John Piper tackles an oldie but a goodie in the form of a question from a 12-year-old girl: What happens to people who die without ever hearing about Jesus?
The main passage in the Bible that talks about this is Romans 1:18–23. Here is what it says. Then I’ll make a comment or two.
For the wrath of God is revealed from heaven against all ungodliness and unrighteousness of men, who by their unrighteousness suppress the truth. 19 For what can be known about God is plain to them, because God has shown it to them. 20 For his invisible attributes, namely, his eternal power and divine nature, have been clearly perceived, ever since the creation of the world, in the things that have been made. So they are without excuse. 21 For although they knew God, they did not honor him as God or give thanks to him, but they became futile in their thinking, and their foolish hearts were darkened. 22 Claiming to be wise, they became fools, 23 and exchanged the glory of the immortal God for images resembling mortal man and birds and animals and creeping things.
Notice several things:
- All people “know God,” even if they have never heard the Bible. “What can be known about God is plain to them” (verse 19). “Although they knew God…” (verse 21).
- The way they know God is by the way God has made the world and their own consciences (verses 19–20).
- Even though they know God, no one who knows God anywhere in the world “honors God as God or gives him thanks” (verse 21). Instead, they “suppress the truth” (verse 18). That is, they resist the truth deep in their hearts and “exchange it” for other things that they would rather have (verse 23).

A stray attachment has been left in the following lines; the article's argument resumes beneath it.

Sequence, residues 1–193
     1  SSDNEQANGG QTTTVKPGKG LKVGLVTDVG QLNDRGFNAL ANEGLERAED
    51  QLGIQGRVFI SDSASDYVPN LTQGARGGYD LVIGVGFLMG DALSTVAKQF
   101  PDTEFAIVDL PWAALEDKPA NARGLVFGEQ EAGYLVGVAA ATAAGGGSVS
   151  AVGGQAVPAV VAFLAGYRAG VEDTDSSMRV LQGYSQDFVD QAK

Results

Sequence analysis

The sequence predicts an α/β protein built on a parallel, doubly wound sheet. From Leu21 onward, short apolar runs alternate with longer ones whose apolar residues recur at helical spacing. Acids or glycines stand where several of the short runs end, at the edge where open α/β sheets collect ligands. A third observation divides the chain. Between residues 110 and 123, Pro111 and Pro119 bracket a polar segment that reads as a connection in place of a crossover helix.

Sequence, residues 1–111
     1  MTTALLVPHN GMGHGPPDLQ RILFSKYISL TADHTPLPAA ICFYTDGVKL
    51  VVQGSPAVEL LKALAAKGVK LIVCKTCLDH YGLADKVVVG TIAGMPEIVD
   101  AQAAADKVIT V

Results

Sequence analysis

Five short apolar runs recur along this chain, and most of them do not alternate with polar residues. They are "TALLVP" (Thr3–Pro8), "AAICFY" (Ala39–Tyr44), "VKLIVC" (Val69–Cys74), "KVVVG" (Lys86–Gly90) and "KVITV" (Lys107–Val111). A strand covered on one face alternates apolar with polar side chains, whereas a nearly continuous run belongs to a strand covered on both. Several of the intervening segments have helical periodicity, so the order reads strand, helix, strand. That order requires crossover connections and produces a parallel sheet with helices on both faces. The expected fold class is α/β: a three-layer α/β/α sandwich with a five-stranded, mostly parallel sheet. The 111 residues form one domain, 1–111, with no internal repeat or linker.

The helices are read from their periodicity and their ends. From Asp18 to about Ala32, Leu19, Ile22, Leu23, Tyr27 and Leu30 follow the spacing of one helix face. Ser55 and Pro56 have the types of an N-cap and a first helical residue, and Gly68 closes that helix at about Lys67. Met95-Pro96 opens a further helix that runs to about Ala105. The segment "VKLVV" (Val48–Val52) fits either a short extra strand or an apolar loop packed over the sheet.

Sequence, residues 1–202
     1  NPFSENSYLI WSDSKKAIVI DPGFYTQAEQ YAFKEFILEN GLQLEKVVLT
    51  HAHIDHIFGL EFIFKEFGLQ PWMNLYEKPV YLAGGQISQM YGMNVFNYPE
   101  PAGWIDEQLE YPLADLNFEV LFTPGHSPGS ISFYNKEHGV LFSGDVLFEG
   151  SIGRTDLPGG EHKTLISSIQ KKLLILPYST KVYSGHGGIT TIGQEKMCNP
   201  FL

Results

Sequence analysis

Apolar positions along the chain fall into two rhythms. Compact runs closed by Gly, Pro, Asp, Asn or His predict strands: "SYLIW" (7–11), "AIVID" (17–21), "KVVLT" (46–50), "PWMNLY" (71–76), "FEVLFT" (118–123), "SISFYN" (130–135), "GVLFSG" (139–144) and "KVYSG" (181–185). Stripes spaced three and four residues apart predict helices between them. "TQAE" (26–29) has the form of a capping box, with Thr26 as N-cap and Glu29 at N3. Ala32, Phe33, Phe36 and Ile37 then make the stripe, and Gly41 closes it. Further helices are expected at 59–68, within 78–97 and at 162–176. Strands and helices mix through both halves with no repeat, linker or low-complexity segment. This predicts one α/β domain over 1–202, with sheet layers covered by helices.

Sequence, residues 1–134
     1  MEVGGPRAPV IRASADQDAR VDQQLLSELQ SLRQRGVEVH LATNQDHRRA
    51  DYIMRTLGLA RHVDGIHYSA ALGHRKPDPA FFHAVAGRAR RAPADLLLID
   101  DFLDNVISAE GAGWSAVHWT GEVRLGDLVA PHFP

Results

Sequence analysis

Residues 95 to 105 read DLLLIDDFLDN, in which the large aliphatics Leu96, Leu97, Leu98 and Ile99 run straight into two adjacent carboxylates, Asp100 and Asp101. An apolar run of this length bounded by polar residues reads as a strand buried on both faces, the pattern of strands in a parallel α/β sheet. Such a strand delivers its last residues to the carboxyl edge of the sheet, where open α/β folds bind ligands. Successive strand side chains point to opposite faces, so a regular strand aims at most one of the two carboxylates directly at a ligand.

- Therefore, they are “without excuse” (verse 20). That is, they are guilty and deserved to be punished.
It’s a good effort, but if I were the 12-year-old girl, I’d have some follow-up questions, including:
– So, people who have never heard of Jesus aren’t going to hell for rejecting Jesus, because they’ve never heard of him, but they’re still going to hell, right?
– What does it mean to “know God” without ever having heard of Jesus or the Bible? What does that look like?
– If it’s possible to know God without ever hearing the Gospel, is it possible to hear the “still, small voice” of the Holy Spirit calling you to seek God without ever hearing the Gospel? And if so, does that count for anything?
I’m not asking these to be a smart-alec; I’d really like to know how Biblical scholars would address them, because 12-year-olds can be pretty persistent if you don’t cover all your bases. I have some ideas, but I’m not an official theologian or anything.